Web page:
AES Warsaw 2015
Paper Session P13

P13 - (Lecture) Perception—Part 2

Saturday, May 9, 14:30 — 18:00 (Room: Belweder)

Hyunkook Lee, University of Huddersfield - Huddersfield, UK

P13-1 Elicitation of the Differences between Real and Reproduced AudioJon Francombe, University of Surrey - Guildford, Surrey, UK; Tim Brookes, University of Surrey - Guildford, Surrey, UK; Russell Mason, University of Surrey - Guildford, Surrey, UK
To improve the experience of listening to reproduced audio, it is beneficial to determine the differences between listening to a live performance and a recording. An experiment was performed in which three live performances (a jazz duet, a jazz-rock quintet, and a brass quintet) were captured and simultaneously replayed over a nine-channel with-height surround sound system. Experienced and inexperienced listeners moved freely between the live performance and the reproduction and described the difference in listening experience. In subsequent group discussions, the experienced listeners produced twenty-nine categories using some terms that are not commonly found in the current spatial audio literature. The inexperienced listeners produced five categories that overlapped with the experienced group terms but that were not as detailed.
Convention Paper 9307 (Purchase now)

P13-2 Towards Unification of Methods for Speech, Audio, Picture, and Multimedia Quality AssessmentSlawomir Zielinski, Bialystok University of Technology - Bialystok, Poland; Francis Rumsey, Logophon Ltd. - Oxfordshire, UK; Søren Bech, Bang & Olufsen a/s - Struer, Denmark; Aalborg University - Aalborg, Denmark
The paper addresses the need to develop unified methods for subjective and objective quality assessment across speech, audio, picture, and multimedia applications. Commonalities and differences between the currently used standards are overviewed. Examples of the already undertaken research attempting to “bridge the gap” between the quality assessment methods used in various disciplines are indicated. Prospective challenges faced by researchers in the unification process are outlined. They include development of unified scales, defining unified anchors, integration of objective models, maintaining “backward comparability,” and undertaking joint standardization efforts across industry sectors.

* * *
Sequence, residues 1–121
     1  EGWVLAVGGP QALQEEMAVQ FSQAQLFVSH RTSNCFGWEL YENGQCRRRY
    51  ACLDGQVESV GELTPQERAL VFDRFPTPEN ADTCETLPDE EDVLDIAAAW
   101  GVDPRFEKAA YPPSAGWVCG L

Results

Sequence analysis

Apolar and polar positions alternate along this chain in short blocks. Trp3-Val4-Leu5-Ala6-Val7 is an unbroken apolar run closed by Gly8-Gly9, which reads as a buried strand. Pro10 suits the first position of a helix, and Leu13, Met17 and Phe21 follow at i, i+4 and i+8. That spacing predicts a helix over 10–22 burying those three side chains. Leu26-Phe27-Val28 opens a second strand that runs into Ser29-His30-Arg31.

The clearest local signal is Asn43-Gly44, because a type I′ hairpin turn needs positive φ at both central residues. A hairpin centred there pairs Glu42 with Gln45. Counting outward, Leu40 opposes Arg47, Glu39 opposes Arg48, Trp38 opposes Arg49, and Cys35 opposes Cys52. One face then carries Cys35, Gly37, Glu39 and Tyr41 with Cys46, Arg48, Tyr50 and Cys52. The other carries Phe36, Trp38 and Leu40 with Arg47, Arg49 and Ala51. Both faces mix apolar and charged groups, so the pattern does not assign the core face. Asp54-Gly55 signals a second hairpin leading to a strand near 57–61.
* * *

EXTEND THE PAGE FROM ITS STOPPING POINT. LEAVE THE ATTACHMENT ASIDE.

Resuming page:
Convention Paper 9308 (Purchase now)

P13-3 An Investigation of the Relationship between Listener Envelopment and Room Acoustic Parameters–The Influence of Varied Direct Sound Levels and Onset Times of Late Reverberation on Listener EnvelopmentMai Ishida, Tokyo University of the Arts - Adachi-ku, Tokyo, Japan; Toru Kamekawa, Tokyo University of the Arts - Adachi-ku, Tokyo, Japan; Atsushi Marui, Tokyo University of the Arts - Tokyo, Japan
It is proposed that the late reflection energy from 80 ms after the direct sound contributes to listener envelopment (LEV). According to previous research, 80 ms is not necessarily the most suitable onset-time of late reverberation for predicting LEV. In addition to this, LEV tends to increase if C80 decreases. However, it is possible for LEV to be low for very low early energy with relatively higher late energy. In this study the LEV for stimuli of varied direct sound levels and onset-times of late reverberation was investigated. As a result, it is suggested that as the direct sound level increases, the LEV increases. Additionally, we confirmed that LEV increased as C10 increased.